Enlightenment Gadget Lifetime Management & Site Creation

This article is part of a series of tutorials about Enlightenment: a compositing and stacking window manager. The previous tutorials covered the basics of gadgets, this article will explore some of the more complex aspects in more detail, specifically lifetime management and gadget site creation.

Gadget Lifetime Management

Gadgets are bound by two lifetimes: the gadget object’s lifetime, and the gadget instance lifetime.

The gadget object is the visible display for a gadget and it is deleted when either the site is deleted, when the gadget instance is deleted, or when the gadget’s orientation changes. This lifetime can be tracked using the EVAS_CALLBACK_DEL callback on the created object. At the time of calling, this indicates that any memory related to the gadget object should be cleaned up, and any non-Elementary sub-objects should be deleted; the toolkit will not delete these automatically and they will leak without manual deletion. Once this callback has been triggered, the gadget object is dead and there will be no further calls made upon it.

The gadget instance is a sort of configuration struct for a gadget. It can be anything from a clock gadget’s time format to the wireless network a gadget is configured to connect to. The “gadget_removed” smart callback can be used on the gadget site object to terminate its lifetime. This callback occurs with the event_info parameter set as the gadget’s object when the user removes the gadget instance and typically means the gadget configuration should be deleted. However, it’s possible for gadgets to share the same configuration across multiple instances depending on how the gadget code is written. Here’s a sample “gadget_removed” callback from the clock gadget.

static void
 _clock_gadget_removed_cb(void *data, Evas_Object *obj EINA_UNUSED, void *event_info)
 Instance *inst = data;

if (inst->o_clock != event_info) return;
 time_config->items = eina_list_remove(time_config->items, inst->cfg);

The callback filters out occurrences for other gadgets then deletes the configuration for the appropriate gadget instance, ensuring the gadget has been removed. Take note that this callback is called before the EVAS_CALLBACK_DEL callback, meaning any structs needed for that callback should not be freed during the “gadget_removed” callback.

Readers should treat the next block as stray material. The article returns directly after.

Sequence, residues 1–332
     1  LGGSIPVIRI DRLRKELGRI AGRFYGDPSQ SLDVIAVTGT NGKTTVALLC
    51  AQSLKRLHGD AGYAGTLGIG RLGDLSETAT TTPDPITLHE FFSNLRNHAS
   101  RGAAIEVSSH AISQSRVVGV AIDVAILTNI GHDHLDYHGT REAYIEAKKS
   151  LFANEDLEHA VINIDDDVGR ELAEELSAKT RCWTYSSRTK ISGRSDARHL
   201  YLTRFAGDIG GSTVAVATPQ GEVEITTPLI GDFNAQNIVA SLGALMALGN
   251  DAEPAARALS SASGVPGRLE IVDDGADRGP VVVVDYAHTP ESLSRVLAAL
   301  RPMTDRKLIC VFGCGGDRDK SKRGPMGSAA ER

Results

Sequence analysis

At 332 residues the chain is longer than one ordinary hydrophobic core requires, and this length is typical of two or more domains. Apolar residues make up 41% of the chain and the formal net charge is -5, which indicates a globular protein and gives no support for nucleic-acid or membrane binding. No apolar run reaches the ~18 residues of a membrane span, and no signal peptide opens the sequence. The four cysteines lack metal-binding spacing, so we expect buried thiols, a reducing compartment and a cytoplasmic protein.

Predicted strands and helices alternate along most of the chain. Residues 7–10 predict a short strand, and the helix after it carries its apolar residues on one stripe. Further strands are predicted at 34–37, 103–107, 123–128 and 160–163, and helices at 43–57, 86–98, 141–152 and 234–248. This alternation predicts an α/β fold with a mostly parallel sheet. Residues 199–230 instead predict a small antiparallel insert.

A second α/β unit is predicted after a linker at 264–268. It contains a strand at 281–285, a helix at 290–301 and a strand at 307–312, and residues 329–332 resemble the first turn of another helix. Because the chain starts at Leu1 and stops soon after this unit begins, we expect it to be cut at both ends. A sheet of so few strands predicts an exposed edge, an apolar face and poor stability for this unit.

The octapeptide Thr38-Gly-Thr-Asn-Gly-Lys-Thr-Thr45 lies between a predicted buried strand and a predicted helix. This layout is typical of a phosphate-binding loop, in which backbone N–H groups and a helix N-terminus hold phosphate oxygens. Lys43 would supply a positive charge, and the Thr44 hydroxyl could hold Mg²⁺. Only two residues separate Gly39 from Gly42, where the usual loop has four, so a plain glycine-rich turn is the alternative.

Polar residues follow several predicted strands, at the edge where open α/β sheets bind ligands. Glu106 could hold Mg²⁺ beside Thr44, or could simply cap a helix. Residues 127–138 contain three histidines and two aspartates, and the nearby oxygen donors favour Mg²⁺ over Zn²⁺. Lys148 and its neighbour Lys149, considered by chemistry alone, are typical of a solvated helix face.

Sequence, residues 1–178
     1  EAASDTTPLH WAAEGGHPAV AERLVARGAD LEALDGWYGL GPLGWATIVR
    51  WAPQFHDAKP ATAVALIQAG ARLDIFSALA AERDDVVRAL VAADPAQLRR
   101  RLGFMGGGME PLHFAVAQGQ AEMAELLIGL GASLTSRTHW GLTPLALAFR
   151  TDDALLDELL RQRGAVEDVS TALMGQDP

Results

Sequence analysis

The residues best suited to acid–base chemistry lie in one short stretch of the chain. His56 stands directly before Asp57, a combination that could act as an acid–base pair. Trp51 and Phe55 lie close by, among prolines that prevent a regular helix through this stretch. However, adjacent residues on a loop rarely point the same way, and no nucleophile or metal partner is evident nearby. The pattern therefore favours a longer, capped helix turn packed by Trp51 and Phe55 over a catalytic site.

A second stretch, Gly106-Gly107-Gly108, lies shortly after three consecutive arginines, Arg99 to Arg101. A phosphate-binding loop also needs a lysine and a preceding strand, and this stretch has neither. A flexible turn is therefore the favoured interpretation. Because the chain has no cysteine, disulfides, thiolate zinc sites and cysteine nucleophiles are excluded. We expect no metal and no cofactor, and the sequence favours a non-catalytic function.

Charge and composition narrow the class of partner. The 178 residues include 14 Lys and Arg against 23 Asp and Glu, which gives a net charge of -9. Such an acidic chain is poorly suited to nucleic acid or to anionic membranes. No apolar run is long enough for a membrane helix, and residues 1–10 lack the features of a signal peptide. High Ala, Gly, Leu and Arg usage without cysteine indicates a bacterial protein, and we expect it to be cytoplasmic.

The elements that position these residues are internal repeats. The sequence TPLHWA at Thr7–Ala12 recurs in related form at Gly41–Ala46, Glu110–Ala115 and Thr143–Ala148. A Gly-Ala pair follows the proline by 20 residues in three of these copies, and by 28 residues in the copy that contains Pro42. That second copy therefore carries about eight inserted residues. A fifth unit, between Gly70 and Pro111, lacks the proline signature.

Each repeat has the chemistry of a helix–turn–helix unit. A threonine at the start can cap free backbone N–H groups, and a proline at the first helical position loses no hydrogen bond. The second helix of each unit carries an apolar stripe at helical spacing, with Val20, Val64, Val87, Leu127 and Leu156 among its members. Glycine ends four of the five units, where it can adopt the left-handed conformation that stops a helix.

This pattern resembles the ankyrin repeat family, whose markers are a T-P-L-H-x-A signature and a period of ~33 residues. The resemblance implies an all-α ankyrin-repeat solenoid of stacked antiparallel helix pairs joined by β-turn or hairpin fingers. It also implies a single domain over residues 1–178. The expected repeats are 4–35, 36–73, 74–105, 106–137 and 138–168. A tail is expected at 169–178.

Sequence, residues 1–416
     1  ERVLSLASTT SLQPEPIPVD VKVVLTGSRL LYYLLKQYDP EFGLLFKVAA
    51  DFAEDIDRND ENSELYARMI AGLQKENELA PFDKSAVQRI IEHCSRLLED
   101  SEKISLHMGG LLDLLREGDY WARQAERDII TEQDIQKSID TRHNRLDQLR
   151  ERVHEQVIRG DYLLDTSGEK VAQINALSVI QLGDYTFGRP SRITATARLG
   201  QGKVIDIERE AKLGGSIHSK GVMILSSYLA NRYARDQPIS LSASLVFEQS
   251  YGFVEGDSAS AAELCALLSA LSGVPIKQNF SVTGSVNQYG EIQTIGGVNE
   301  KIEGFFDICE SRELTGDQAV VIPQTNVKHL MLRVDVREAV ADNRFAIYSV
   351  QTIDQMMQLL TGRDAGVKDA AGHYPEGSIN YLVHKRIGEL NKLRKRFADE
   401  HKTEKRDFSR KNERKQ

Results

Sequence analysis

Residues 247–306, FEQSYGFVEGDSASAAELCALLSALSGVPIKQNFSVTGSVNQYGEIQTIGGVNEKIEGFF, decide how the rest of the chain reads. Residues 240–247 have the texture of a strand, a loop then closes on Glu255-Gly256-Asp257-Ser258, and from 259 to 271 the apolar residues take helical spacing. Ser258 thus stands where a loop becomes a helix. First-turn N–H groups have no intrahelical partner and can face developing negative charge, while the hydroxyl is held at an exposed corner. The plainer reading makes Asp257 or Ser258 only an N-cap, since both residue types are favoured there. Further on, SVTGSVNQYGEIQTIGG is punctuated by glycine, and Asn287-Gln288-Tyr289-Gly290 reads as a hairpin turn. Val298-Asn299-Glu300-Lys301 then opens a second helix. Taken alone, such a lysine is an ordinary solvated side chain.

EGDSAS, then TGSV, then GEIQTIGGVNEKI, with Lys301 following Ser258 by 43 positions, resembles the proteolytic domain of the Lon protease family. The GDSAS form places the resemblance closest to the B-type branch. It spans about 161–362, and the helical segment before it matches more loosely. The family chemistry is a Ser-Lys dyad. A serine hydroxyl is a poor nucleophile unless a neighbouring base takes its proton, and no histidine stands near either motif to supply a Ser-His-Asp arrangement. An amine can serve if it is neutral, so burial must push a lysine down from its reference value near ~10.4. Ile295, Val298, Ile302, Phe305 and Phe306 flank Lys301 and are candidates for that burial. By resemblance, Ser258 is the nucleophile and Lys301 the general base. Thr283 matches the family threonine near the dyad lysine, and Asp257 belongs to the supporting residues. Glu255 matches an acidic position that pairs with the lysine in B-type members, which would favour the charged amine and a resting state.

Gadget Site Creation

Gadget site creation involves placing gadget sites on alternative objects; there are currently two methods for adding new gadget sites:

E_API Evas_Object *e_gadget_site_add(E_Gadget_Site_Orient orient, const char *name);
 E_API Evas_Object *e_gadget_site_auto_add(E_Gadget_Site_Orient orient, const char *name);

The former, e_gadget_site_add(), directly adds a new gadget site to the compositor canvas using the give “name” parameter as the site’s ID; the site can then be manipulated as a normal object. Calling the function again with the same name will create the same site with the same configuration. However, it’s important to note that the gadget site will not remember its geometry or stacking when using this, so ideally only container objects should use it, such as the Bryce container object here.

The latter, e_gadget_site_auto_add(), adds a configuration for a gadget site that’s automatically created and managed. The “name” parameter in this case should match the name of a compositor object (extant or not). This method will cause a gadget site to be created and positioned automatically to cover the named compositor object every time the target object is created; it will also be destroyed if the target object is deleted. This can be used to avoid the requirement that an object manages its own gadget site when the stacking and geometry would be used in this manner. As an example, this method is used to handle the editing of desklock gadgets:

static Eina_Bool
 _gadget_desklock_handler(void *d EINA_UNUSED, int t EINA_UNUSED, E_Event_Comp_Object *ev)
 E_Notification_Notify n;
 const char *name;
 Evas_Object *site, *comp_object;

name = evas_object_name_get(ev->comp_object);
 if (!name) return ECORE_CALLBACK_RENEW;
 if (strncmp(name, "desklock", 8)) return ECORE_CALLBACK_RENEW;
 evas_object_layer_set(ev->comp_object, DESKLOCK_DEMO_LAYER - 1);
 site = e_gadget_site_auto_add(E_GADGET_SITE_ORIENT_NONE, name);
 evas_object_smart_callback_add(site, "gadget_moved", _gadget_moved, NULL);
 evas_object_layer_set(site, DESKLOCK_DEMO_LAYER);
 comp_object = e_gadget_site_edit(site);
 e_comp_object_util_del_list_append(ev->comp_object, comp_object);
 e_comp_object_util_del_list_append(ev->comp_object, desklock_rect);

memset(&n, 0, sizeof(E_Notification_Notify));
 n.timeout = 3000;
 n.summary = _("Lockscreen Gadgets");
 n.body = _("Press Escape or click the background to exit.");
 e_notification_client_send(&n, NULL, NULL);

When the dummy desklock object is created, a gadget site will be created to cover it and further begin editing on it. However, note the important part here is this line:

site = e_gadget_site_auto_add(E_GADGET_SITE_ORIENT_NONE, name);

This will create the configuration for the named desklock object, ensuring that gadget internals will create the same gadget site any time the desklock object exists.
Using either of these functions, it’s possible to easily create a gadget site at any location, and have it either self-manage or perform management using other objects. This should allow gadgets to become more ubiquitous within the desktop, making them simple to place into new locations such as menus or window borders.

This concludes the tutorials for gadget lifetime management and creating new gadget sites. Stay tuned for more Enlightenment tutorials!

Author: Mike Blumenkrantz

Mike is the release manager for Enlightenment as well as a core developer of the EFL toolkit.